A commemorative postage stamp on the 250th Anniversary of the Bombay Dockyard, an Indian shipbuilding yard at Mumbai :
Issued by India
Issued on Jan 11, 1986
Issued for : The Department of Posts is privileged to issue a stamp on this occasion.
Description of Designs : The stamp depicts a bird’s eyeview of the Bombay Dock at the front and the Duncan Dock behind it nearer to the administrative building. These monumental docks, though over 150 years old still serve the needs of Indian Naval Ships and Submarines alike. The first day cover depicts the crest of the Naval Dockyard, Bombay. The cancellation is the adaptation of the Logo of its 250th Anniversary Celebration. The stamp, the first day cover and the cancellation have been designed by Capt. Anil Dhir, Indian Navy.
Type : Stamp, Mint Condition
Colour : Multicolour
Denomination : 250 Paise
Overall size : 3.91 x 2.90 cms.
Printing size : 3.55 x 2.54 cms.
Perforation : 13 x 13
Paper : Unwatermarked adhesive stamp paper
Number printed : 15,00,000
Number per issue sheet : 35
Printing process : Photogravure
Printed at : India Security Press
- The Naval Dockyard Bombay celebrates its 250th Anniversary on 11 January 1986. From its humble beginning in 1736 from designing and building small crafts, it has developed into a mammoth organisation for repair of the most sophisticated Indian Naval Warships. The Dockyard has become a symbol of rapid progress and technological advancement from repair and building of wooden hulls in 1736 to the repair and servicing of the most sophisticated and advanced electronic gadgets of today. It is the most modern of the Naval Dockyards in South Asia today.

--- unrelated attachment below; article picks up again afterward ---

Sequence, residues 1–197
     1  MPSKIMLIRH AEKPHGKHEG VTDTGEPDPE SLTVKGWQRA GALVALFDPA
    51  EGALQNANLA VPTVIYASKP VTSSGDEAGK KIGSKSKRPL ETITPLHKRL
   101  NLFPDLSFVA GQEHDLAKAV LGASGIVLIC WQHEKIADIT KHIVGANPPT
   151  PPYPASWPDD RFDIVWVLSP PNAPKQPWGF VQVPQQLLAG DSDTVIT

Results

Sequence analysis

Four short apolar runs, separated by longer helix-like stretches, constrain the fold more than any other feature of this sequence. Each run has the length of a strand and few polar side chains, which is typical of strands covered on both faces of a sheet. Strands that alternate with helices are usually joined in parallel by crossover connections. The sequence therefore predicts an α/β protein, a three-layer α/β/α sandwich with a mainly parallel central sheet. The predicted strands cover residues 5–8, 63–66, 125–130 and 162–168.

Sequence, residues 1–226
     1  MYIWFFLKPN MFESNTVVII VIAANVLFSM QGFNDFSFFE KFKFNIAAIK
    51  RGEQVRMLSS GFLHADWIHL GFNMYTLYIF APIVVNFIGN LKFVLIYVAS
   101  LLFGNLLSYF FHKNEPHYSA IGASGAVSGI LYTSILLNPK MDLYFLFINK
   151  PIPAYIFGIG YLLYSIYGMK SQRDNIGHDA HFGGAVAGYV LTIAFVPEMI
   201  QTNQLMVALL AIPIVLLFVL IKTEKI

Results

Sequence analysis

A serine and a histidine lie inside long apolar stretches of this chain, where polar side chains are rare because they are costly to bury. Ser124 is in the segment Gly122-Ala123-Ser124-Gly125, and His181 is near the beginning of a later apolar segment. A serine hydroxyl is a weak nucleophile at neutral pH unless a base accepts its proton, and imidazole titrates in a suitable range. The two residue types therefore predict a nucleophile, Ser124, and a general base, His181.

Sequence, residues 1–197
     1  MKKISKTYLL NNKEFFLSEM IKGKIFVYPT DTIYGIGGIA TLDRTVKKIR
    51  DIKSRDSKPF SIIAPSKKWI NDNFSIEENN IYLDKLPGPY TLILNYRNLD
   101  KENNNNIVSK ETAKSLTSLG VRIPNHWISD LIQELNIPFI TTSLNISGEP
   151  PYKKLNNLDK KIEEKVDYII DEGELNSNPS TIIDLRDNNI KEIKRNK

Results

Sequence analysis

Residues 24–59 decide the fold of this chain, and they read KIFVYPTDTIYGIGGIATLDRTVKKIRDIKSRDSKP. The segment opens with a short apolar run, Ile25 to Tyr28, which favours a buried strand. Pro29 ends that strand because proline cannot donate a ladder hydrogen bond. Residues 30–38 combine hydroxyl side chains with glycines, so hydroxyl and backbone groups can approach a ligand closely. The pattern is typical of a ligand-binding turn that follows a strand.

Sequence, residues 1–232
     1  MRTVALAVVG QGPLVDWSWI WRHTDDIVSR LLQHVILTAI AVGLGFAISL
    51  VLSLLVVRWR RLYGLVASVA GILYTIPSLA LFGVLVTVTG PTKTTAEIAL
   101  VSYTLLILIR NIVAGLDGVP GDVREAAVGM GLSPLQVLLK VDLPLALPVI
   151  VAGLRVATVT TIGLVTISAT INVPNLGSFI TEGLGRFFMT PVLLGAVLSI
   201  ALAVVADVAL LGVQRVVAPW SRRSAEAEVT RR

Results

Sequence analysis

- The dockyard commenced functioning on 11 January, 1736, on 120 acres of land sandwiched between the Gateway of India and the Ballard Pier at the entrance of the channel, a purely indigenous enterprise of the Wadia Brothers as a composite unit for designing and building of ships. However the Bombay and Duncan Docks were commissioned in 1758 and 1857, respectively.
- The Docks prided themselves for having built 170 war vessels for East India Company, 87 Merchant Ships and 34 War Ships for the Royal Navy, and won world acclaim for excellent workmanship of the vessels. It is nostalgic that the oldest ship afloat in the Royal Navy today ‘HMS Foudroyant 46 guns’, a 1065 tons frigate has been built and launched from these docks in October 1817. The docks changed its function from ship building to repairs with the take over by the British Navy from the Wadias, and subsequently by the Royal Indian Navy in 1947 and Indian Navy in 1950.
- The tradition and culture of excellence continues, a 14000 workforce from a cross section of engineering disciplines pour in their skills, not only to maintain and meet the multifarious and complex needs and demands of our Navy but also at times that of the ships of Ethiopia, Egypt, Malaysia and Sri Lankan Navies.